Another flaw in the aprons he was forced to fix was having the pockets in the back, rather than in the front, where they could be much more useful. “You have your side towels, your napkins, and you're wiping your hands on them. Everything you do, they get drenched in water, and they're dragging your entire apron down, hurting your neck because it's dragging that down, too,” he says. “So I decided to put a D hook on your right side, and weave your napkin through it and tie a knot in it. And the two lap pockets? When I used to be a cook, I knew people who put spoons in their back pockets. That was pretty gross. Then they put their towels on the belly so they looked pregnant. They would only get a limited amount of towels a day so, not to lose them, they would stuff them up inside the belly of the apron. I decided to make a way to put a side towel in the two lap pockets. If they stay in the front, you can put your spoons, your side towels in front, and with an adjustable strap on your neck, you're all set. They're small features but they really help.”
Tweezers for garnishing can go on top in the pocket, while pens and notepads can also rest there. “For a restaurant owner, that's a real opportunity to make waiters more efficient. And when the health inspector comes in and says, ‘what's going on with these aprons,' that's never a good thing. This way you don't have to worry,” he says.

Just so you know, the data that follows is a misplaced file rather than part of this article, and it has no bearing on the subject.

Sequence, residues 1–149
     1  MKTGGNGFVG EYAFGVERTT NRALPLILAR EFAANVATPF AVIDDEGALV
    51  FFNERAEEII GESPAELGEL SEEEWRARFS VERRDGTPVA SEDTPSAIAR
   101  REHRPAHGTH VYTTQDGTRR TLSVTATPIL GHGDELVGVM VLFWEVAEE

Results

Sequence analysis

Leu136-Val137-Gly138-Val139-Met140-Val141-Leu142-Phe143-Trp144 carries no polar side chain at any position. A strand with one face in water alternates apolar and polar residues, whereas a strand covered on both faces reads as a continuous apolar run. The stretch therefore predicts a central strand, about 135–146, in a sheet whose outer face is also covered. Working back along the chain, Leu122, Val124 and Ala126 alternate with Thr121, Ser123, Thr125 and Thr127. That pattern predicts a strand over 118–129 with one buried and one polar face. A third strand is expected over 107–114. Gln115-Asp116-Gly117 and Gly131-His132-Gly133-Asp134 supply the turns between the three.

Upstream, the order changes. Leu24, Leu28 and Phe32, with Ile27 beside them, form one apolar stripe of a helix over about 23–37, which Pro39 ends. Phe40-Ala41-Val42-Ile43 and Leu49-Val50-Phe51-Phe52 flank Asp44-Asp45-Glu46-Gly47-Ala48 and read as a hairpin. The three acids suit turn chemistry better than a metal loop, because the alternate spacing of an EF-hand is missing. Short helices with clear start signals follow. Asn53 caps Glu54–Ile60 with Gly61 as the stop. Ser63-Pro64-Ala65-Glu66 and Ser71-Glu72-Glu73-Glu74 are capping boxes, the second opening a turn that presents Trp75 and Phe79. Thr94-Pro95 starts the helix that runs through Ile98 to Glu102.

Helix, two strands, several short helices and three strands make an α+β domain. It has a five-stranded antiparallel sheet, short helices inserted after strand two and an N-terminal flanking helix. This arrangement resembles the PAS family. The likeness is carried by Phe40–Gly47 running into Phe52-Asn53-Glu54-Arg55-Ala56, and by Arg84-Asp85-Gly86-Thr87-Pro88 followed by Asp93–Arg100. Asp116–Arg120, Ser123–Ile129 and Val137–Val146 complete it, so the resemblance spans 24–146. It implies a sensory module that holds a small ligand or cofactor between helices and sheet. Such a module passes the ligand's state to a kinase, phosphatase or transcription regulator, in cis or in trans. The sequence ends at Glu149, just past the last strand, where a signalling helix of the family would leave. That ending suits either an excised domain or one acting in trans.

Loukzada says he even has a friend in California who makes handcrafted knives from scratch and the business uses his aprons to protect the employees when grinding and sharpening their knives.
The whole operation has become a family affair. When thousands of yards of canvas were left over last year, that inspired Louksada to think about different designs. He came up with ones for jujitsu, in which he competes, and boxing, and then a gym bag, while the tote bag was his wife's idea. “We all chipped in with different ideas, and that's how we branched out,” he says. “I know the bags are great. We get feedback every single day.”
For more information on Boldric’s knife bags, aprons, knives, and other accessories, please visit www.boldric.com or call 1-844-265-3742.